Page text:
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Research Corner Online

Considerations of sample size in medical research


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Journal of the American Academy of PAs: April 2008 - Volume 21 - Issue 4 -
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Aclinical study typically compares two groups of subjects, (eg, a treatment group and an untreated group) with respect to an outcome of interest (eg, disease incidence, recovery from disease, or death). These groups are samples and should be representative of the study's population. Fundamental decisions that must be made when planning a clinical study include determining an ideal sample size. Researchers must keep in mind that samples are used to make inferences about a population. If the population is large and diverse on characteristics of interest, then a large sample size may be required to accurately represent the population. To illustrate this point, Myers and Hansen provide an analogy using the “height of the average American adult.” A small sample would likely give misleading information about the true average height of the population. If the population is similar on characteristics other than the independent variable(s), then a small sample size may adequately represent the true population.1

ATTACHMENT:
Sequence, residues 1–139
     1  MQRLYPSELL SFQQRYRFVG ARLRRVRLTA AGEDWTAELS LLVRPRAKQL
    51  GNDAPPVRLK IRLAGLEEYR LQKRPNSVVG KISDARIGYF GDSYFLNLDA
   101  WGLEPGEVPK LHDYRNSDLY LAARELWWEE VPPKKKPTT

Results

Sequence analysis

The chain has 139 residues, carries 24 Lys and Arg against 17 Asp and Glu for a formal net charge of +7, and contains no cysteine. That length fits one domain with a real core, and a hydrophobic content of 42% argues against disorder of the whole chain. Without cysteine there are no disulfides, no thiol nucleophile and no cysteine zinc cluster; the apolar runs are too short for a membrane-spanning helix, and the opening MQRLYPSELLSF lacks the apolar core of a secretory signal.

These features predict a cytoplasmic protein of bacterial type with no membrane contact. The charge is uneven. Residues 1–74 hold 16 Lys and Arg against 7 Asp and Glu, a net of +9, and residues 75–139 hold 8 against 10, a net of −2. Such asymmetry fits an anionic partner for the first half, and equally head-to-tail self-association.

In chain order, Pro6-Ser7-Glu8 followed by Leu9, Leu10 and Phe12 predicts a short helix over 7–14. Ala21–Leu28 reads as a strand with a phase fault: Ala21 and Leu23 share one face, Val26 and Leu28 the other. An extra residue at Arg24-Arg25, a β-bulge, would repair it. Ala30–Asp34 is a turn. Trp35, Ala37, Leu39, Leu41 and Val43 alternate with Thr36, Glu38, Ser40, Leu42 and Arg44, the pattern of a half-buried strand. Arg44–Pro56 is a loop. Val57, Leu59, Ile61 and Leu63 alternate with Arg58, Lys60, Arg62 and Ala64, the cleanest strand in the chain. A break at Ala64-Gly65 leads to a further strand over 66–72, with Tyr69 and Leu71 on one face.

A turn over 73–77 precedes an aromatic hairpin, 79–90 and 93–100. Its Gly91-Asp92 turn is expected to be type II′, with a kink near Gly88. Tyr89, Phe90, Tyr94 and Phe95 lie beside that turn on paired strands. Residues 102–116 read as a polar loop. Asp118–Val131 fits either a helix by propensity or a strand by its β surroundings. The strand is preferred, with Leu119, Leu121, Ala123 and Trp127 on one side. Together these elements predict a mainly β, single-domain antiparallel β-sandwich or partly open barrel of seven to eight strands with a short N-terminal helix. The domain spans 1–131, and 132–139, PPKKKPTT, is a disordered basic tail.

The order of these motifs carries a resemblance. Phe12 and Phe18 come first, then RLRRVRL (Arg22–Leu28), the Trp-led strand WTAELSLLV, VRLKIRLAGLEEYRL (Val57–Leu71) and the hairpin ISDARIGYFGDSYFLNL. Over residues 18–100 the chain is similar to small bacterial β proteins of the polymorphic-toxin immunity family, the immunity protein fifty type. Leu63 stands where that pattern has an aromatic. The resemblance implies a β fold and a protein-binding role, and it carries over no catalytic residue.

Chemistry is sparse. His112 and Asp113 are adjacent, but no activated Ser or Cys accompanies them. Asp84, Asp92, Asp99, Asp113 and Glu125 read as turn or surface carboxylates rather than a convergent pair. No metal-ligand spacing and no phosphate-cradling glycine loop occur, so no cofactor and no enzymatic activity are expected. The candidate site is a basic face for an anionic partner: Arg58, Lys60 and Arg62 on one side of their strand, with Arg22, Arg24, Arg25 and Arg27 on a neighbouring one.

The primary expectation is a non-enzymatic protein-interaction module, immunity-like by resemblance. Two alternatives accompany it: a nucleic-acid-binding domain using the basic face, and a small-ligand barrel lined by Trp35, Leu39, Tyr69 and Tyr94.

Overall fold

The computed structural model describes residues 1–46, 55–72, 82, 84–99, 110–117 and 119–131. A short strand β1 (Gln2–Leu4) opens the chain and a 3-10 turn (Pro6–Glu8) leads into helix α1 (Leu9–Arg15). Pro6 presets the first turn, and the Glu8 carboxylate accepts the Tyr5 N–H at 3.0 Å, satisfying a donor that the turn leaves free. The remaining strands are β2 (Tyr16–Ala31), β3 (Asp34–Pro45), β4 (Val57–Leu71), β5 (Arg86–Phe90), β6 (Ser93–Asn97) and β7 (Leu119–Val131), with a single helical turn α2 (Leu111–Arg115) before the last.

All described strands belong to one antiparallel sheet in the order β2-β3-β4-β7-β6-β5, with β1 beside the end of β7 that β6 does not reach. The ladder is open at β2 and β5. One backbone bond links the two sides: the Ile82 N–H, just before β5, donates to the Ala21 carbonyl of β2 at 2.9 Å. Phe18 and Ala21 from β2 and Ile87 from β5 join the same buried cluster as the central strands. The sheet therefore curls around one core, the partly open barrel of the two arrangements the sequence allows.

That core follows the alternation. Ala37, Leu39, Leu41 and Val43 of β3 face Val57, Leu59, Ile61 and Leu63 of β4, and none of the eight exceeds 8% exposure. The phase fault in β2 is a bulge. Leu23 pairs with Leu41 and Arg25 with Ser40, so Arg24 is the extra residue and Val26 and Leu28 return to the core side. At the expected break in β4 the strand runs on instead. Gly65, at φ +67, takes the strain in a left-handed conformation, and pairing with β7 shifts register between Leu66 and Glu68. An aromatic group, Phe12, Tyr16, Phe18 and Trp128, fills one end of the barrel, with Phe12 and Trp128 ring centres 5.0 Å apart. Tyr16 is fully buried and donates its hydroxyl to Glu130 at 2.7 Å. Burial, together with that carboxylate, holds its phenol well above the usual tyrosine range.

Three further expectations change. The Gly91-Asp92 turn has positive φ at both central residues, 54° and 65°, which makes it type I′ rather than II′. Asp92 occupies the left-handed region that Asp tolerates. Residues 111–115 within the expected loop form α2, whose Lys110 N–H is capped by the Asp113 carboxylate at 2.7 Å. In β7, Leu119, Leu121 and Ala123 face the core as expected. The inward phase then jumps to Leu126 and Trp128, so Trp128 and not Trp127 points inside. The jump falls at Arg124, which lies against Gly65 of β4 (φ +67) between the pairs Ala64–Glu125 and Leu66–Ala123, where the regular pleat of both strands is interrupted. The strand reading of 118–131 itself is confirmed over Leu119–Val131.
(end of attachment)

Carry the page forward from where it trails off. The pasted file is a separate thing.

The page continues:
One of the first things to consider when determining sample size is how big a difference in outcome rates is important to detect. That is, does the treatment group need to do twice as well as the untreated group to define a positive result, or is a more subtle difference in outcome rates important? In general, if the difference in outcome rates is likely to be huge, then only a small sample size is needed. For instance, if it is expected that about 90% of the treated group will recover from a disease, as compared to only about 10% of the untreated group, only a small sample size is needed to establish this difference. On the other hand, if the treatment is expected to be only minimally effective, allowing about 15% to recover, as compared to about 10% of the untreated group, this difference in recovery rates is subtle and will require a very large sample size to demonstrate that it is true.